Call for Articles: A special issue of SERIES – International journal of TV series narratives

“Locations in Television Drama Series”

Guest Editors: Anne Marit Waade and John Lynch

This special issue is dedicated to the analysis of the increasingly significant role of location as a key element in television drama. In recent years, the popularity of serial television has progressively been tied to the expanded use of location as a central element in productions, both as setting and as part of a wider audience engagement driven by social media and marketing. Popular television series and brands as for example Game of Thrones, Sex and the city, Nordic Noir, The Fall, Cities and The Wire illustrate how location has become a significant production value. This emerging field of research defined here as ‘location studies’ represents an interdisciplinary approach to the study of television series. It is pertinent at this point to bring together examples of work from a range of scholars and to usefully mark out potential lines of development within the subject. Location has so far mainly been considered as a practical term in film and television productions.

Locations, television places and production design have experienced very little academic attention in contrast to, for example, narratives, visual style, genre and acting. Location in a television drama production involves persons and decisions both above the line (creative and financial decision makers) and below the line (technical and practical personal), as well as institutional and economic conditions outside the production team, for example funding, production facilities, public service commitments, target groups (Blandford and McElroy, 2011). Les Roberts (2012) introduces the idea of cinematic geography as an interdisciplinary approach that reflects upon the relation between the film or television drama series and the actual city, the geographical place, and demonstrates the complex interplay between respectively economic, artistic and practical interests that are at stake when it comes to audio-visual productions. Roberts¹ work is a contribution to a more overall and increasing interest in the relation between media and geography (Couldry and McCarthy 2004; Falkheimer & Jansson, 2006; Eichner & Waade, 2015). More recently, there are works on, for instance, The Wire and the city as a character (Gjelsvik, 2010), BBC’s Wallander and the glocal (McCabe 2015) and landscapes in Nordic Noir (Creeber 2014). Location studies reflects upon the relationship between the places and the television drama series, considering aspects such as the aesthetic and narrative aspects of the places in the series, how media represents and brands places (city, nations, regions), how the site of production and the physical conditions influence the series, and how media production is seen as valuable creative industry and regional development to attract investors, inhabits and visitors. As part of the glocalisation process, the specific places become commodities with significant values, both cultural and economic in a globalised world. The recent interest for places in the creative industry in general (Comunian et al. 2010) and in television drama in particular illustrates this very well.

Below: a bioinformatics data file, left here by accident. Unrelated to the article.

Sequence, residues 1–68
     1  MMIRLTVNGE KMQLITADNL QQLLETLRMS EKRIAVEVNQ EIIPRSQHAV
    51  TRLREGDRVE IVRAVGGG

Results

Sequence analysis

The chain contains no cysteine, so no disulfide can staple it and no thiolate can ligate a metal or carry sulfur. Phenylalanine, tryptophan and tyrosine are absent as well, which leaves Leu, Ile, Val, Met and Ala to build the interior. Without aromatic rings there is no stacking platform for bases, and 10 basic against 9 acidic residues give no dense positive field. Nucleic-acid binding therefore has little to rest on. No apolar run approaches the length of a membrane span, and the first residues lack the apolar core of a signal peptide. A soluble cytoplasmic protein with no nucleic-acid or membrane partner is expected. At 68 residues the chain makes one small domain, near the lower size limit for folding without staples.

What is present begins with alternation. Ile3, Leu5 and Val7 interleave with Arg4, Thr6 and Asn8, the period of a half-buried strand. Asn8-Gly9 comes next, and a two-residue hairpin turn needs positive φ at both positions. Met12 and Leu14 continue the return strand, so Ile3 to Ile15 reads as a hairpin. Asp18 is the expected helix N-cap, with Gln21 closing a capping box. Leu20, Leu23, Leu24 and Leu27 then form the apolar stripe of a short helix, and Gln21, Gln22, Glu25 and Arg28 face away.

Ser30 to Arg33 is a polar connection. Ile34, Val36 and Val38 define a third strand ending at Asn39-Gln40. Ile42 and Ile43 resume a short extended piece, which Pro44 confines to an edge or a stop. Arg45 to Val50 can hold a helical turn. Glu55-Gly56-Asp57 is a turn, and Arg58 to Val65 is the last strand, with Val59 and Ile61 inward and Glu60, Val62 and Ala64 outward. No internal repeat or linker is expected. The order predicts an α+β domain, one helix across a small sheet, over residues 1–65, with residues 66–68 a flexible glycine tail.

The aim of this issue is to highlight research that engages with the multi-discipline and multi-method approach to location studies in television series. Papers may be theoretical and/or empirical in nature and all submissions will be considered; particular areas of interest include:

  1. The development of location from practical role in production to significant social value tied to cultural issues of place and meaning
  2. Location studies and methodologies of empirical research
  3. Theorising the relationship between location and the dramaturgical function
  4. The relation between physical, mediated and imagined places
  5. Televisual places: Reflecting on the relation between production design, exterior and interior, location and landscapes, respectively
  6. The role of regional commissioning and production agencies and emerging collaborative practices
  7. Location as commodity and production value in television series
  8. The politics of location as signifiers of changing landscapes in a globalised media culture
  9. Location as site of screen tourism and fan-based engagements

Submit your abstract: 
Submit your abstract to The deadline is May 1st 2016.
We can only accept abstracts/articles in English.
Author Guidelines:

Time line:
May 1st 2016:    Deadline abstracts
Submit to 
June 1st, 2016: Feedback to the authors
October 1st:       Deadline for submitting the article
Submit to
December 1st: Review process, deadline for the reviewers
February 1st:     Deadline for the final version of the article
Submit to
May 2016: The articles are ready to be published.

Contact persons:
Anne Marit Waade is Associate Professor, School of Culture and Communication, at Aarhus University, Denmark. E-mail:
John Lynch is Senior Lecturer in Media and Communication at Karlstad University, Sweden. E-mail:

SERIES website: E-mail:


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